Have you suffered a work-related injury in New York?
Employers carry an insurance policy that provides wage replacement, medical care and in some cases death benefits in the event an employee suffers a work related injury, occupational disease or death. To recover benefits from the employer’s insurance company, the employee or their family must file a workers’ compensation claim.1A workers’ compensation claim usually pays a disabled employee with a work related injury or occupational disease two-thirds of their usual salary for the duration of their disability. Employees with dependents or permanent work related injury or occupational disease might receive more.2
Some employees must file through the federal government and others through their state government, and that workers’ compensation laws vary across the country. This can make a workers’ compensation claim exceedingly complicated. Employees who suffer a work related injury or develop an occupational disease while employed by local government, state government or private company must file a workers’ compensation claim through their state workers’ compensation board. In contrast, the U.S. Department of Labor administers workers’ compensation programs for federal employees through the Federal Employees’ Compensation Program, the Energy Employees Occupational Illness Compensation Program, Longshore and Harbor Workers’ Compensation Program and coal miners’ Black Lung Benefits Program.3
Without knowing how to navigate the workers’ compensation claim process, an employee who has suffered a work related injury or occupational illness, or their family, could lose valuable benefits. The employee must prove through medical documentation from physicians approved by the federal or state workers’ compensation board that their injury is due to a workplace accident or their disease related to their exposure on the job. The insurance company may require diagnostic testing through their approved medical serviced provider. Employees receiving workers’ compensation are required to submit periodical medical reports to, usually every ninety days.
Federal or individual state workers’ compensation laws also govern the timing and method in which an employee must notify their employer of their work related injury or occupational disease, usually notification must be in writing within thirty days. These laws also set a statute of limitation for the filing of a formal workers’ compensation claim, usually two years. If an employee fails to notify their employer or file the claim on time, they can lose all rights to compensation.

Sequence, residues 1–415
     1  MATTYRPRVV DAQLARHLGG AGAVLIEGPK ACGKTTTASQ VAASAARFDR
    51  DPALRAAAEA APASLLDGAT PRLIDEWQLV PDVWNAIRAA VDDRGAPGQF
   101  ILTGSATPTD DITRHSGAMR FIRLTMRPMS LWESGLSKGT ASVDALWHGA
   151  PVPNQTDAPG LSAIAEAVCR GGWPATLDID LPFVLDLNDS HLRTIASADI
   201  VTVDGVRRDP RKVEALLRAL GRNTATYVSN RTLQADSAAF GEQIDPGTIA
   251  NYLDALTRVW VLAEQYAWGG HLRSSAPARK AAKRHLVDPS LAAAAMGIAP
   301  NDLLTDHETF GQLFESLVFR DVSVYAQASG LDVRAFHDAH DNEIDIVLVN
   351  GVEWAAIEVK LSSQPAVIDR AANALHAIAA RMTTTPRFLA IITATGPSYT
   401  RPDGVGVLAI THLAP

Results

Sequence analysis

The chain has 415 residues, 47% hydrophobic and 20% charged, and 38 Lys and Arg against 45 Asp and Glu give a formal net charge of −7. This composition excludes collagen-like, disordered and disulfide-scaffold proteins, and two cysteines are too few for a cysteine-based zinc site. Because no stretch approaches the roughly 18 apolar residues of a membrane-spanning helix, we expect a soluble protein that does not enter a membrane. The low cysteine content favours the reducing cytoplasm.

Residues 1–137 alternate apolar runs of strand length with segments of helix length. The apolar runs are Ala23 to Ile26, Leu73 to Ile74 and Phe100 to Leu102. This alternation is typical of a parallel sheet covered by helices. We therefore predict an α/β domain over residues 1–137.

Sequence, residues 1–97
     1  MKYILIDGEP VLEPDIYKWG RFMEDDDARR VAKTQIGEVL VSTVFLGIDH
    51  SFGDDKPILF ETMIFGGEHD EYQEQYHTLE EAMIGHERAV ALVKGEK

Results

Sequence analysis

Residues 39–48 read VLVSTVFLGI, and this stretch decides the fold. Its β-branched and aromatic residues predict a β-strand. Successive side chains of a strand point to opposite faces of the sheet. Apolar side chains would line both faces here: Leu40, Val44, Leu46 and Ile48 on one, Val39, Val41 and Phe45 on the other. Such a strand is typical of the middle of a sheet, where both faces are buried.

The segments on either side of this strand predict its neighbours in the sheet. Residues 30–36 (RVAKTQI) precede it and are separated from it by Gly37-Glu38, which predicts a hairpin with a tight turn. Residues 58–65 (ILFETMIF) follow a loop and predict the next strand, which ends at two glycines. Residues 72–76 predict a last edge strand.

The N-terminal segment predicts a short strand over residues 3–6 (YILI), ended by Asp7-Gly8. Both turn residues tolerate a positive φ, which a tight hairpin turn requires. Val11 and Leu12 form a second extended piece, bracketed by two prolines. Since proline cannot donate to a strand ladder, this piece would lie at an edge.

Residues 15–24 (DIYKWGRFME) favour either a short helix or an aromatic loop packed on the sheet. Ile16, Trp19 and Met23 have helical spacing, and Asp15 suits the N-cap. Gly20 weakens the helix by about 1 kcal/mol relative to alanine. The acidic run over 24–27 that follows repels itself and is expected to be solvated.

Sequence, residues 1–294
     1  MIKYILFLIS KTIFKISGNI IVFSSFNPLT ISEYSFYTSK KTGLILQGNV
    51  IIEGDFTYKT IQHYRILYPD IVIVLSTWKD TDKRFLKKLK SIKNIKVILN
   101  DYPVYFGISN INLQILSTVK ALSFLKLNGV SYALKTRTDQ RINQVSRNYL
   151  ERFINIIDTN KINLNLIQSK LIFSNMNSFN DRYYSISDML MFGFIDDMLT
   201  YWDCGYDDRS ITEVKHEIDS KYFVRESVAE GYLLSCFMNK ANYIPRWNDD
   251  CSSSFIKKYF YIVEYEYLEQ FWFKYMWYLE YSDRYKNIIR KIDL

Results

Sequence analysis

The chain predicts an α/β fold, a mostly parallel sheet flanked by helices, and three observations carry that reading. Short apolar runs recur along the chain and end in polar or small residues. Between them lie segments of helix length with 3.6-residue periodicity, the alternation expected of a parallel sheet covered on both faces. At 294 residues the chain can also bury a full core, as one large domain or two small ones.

Let a workers’ compensation attorney from our firm fight to ensure you receive your due benefits.
Your injury or illness may make compiling the paperwork for a workers’ compensation claim difficult. The process can be complicated and workers’ compensation laws are constantly changing. While some employees represent themselves in these claims, you have the right to have a workers’ compensation attorney help you. Only a workers’ compensation attorney will know how to advise you during your claim and protect your valuable legal rights.
When you file a workers’ compensation claim, you are filing a claim against your employer’s insurance company. While some injuries from workplace accidents may be simple to prove, that may not be the case with others, especially cases of occupational disease such as cancer. The insurance company may deny the workers’ compensation claim even though you are out of work and need the money desperately to support your family. You have the right to appeal the insurance company’s denial to the Workers’ Compensation Board. The insurance company has its own attorneys. You should have a workers’ compensation attorney on your side.
New York Workers’ Compensation Information Center
Feel free to review the following topics to learn more about workers’ comp in New York: